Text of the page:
"WR6_gUnUj-ztiW07KQcOCnTel9A"/> Notes From Atlanta: 03/28/15

Saturday, March 28, 2015

Aisha Buhari, Patience Jonathan, and Politics of Regional Sensitivities

By Farooq A. Kperogi, Ph.D.
Twitter:@farooqkperogi

Every region in Nigeria has its stereotypical vulnerabilities. From religious extremism, to endemic child abandonment, to 419 email scams, to “baby factories,” to child trafficking and prostitution in foreign lands, to disabling alcoholism, to kidnapping, etc. Nigerians can, and often do, easily territorialize crimes within their national space.

These stereotypical territorializations of crimes are often considered offensive when they are uttered by “outsiders” but tolerated, sometimes praised even, when they are uttered by “insiders.”

That is why Mrs. Aisha Buhari caused offense to southerners, particularly people from Edo State, when, in a campaign speech in Benin City, she said the biggest problems confronting Nigeria’s deep south are girl child trafficking and the mistreatment of widows. 

“In each zone of the country, we have peculiar problems. Our problems differ,” she said. “For me, in this zone, girl child trafficking should be considered one of our problems, though I know there is unemployment…. There must be a design, a cultural design, that can accommodate the widow, and then a design that will make a girl child feel comfortable wherever she is in this country. She doesn't need to leave her country to go and prostitute elsewhere. It is not her potion; her potion is to have a highly standard moral society for her to live, get married, have children, train them, and to support them to become the future of our leaders.”


Weeks earlier, First Lady Patience Jonathan had outraged the sensibilities of northerners when she ridiculed them as irresponsible parents who bring forth hordes of children they can’t take care of. “Our people no dey born shildren wey dem no dey fit count. Our men no dey born shildren throw away for street. We no dey like the people for that side,” she said at a campaign rally in Calabar, Cross River State. [Translation: “Our people [i.e., southerners] don’t give birth to children they can’t count. Our men don’t bring forth children that they throw away to the streets. We are not like the people from that part of the country [i.e., northerners].”] Many northerners, as you would expect, took umbrage at this.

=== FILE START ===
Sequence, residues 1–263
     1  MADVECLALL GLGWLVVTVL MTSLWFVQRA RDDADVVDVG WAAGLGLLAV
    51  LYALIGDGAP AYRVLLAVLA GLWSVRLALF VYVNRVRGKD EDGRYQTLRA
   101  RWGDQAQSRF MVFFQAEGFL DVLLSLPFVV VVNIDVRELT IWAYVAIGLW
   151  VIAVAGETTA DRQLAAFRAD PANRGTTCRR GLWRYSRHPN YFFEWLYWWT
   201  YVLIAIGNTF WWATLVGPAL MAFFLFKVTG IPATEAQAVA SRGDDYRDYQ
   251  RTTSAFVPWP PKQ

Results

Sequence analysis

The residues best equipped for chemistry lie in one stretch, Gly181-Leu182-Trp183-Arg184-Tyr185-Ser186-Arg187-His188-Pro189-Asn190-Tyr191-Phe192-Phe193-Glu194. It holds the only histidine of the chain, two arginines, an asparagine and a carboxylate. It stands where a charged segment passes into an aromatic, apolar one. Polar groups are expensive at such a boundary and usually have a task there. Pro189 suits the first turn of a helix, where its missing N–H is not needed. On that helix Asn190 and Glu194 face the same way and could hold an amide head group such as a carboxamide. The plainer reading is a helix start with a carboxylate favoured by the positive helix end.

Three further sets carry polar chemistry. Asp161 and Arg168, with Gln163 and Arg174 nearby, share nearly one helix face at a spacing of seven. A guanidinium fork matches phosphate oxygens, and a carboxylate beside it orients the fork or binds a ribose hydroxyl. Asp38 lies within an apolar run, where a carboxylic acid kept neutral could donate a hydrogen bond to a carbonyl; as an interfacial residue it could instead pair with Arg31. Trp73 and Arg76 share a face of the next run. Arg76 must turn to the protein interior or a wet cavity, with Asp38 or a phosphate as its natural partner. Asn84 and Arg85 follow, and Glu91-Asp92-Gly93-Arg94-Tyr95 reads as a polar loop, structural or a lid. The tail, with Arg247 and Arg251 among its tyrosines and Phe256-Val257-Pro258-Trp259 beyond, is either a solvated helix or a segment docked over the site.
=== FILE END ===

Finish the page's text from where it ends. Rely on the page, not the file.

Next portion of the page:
It is perfectly understandable why the statements credited to Mrs. Buhari and Mrs. Jonathan caused offense. As I said earlier, people generally take exceptions to being told home truths about themselves by outsiders. If Mrs. Buhari had said exactly what Mrs. Jonathan said and Mrs. Jonathan had said exactly what Mrs. Buhari said, we would probably never have even heard about the statements because journalists won’t find them newsworthy, although it must be admitted that Mrs. Jonathan’s characterization of the almajiri problem in northern Nigeria appeared to be more ill-willed than Mrs. Buhari’s characterization of girl child trafficking and discrimination against widows in Nigeria’s deep south.

While Mrs. Jonathan created an explicitly divisive we-versus-they binary, Mrs. Buhari appeared to be more sympathetic to what she identified as the deep south’s major problems. But both could do with more tact and discretion because people resent being told unpleasant truths about themselves by outsiders. That’s why. for instance, black American hip-hop youth call themselves “nigga” but will go to war if a white person as much as says “nig.”

I had an interesting conversation about this with my American students some years back. A white student wondered why American blacks call themselves the derogatory name “nigga” and tolerate being told unpleasant things about their culture by black celebrities, but take offense when a white person does the same. A black student in the class gave a perfect analogy in response. He asked the white student if she ever fights with and insults her siblings, and she answered in the affirmative. He then asked her if she thought it would be OK for another person to fight with and insult her siblings just because she does the same. His point sank in.

This is all natural. What isn't natural, however, is the campaign of intentional lies against Mrs. Aisha Buhari by people who are offended by the unpleasant truths she said about the deep south. Lies are being spread on fringe websites and social media sites that she was married when she was only 9, and that Buhari is a pedophile. This self-evident lie is taking wings and is being spread wildly even by people who should be discerning.

 Unfortunately, there is insufficient official biographic information about Mrs. Buhari in the public domain, and this is helping fuel the lie. But from the little that is available about her, we know that she was born in 1969 (some say 1971) to the family of Nigeria's first defense minister, got married to General Buhari in 1989, and has a grandchild. It's bio-chronologically impossible for a woman born in 1979 (as is being alleged by her traducers) to have a 26-year-old daughter—and a grandchild. She would have had to be 8 years old when she was married--and be pregnant at 9-- to have a 26-year-old daughter.

I hope the Buhari campaign will release the real age of Mrs. Buhari to quell the lies that are being spread about her on the Internet. It isn't fair to let her be defined by the intentional distortions of mischief makers.

This presidential election cycle will certainly go down in the annals as the most vicious, mean-spirited, and vulgar. Even from faraway America, I feel the incredible nastiness of the electioneering and can’t wait for it to end today.



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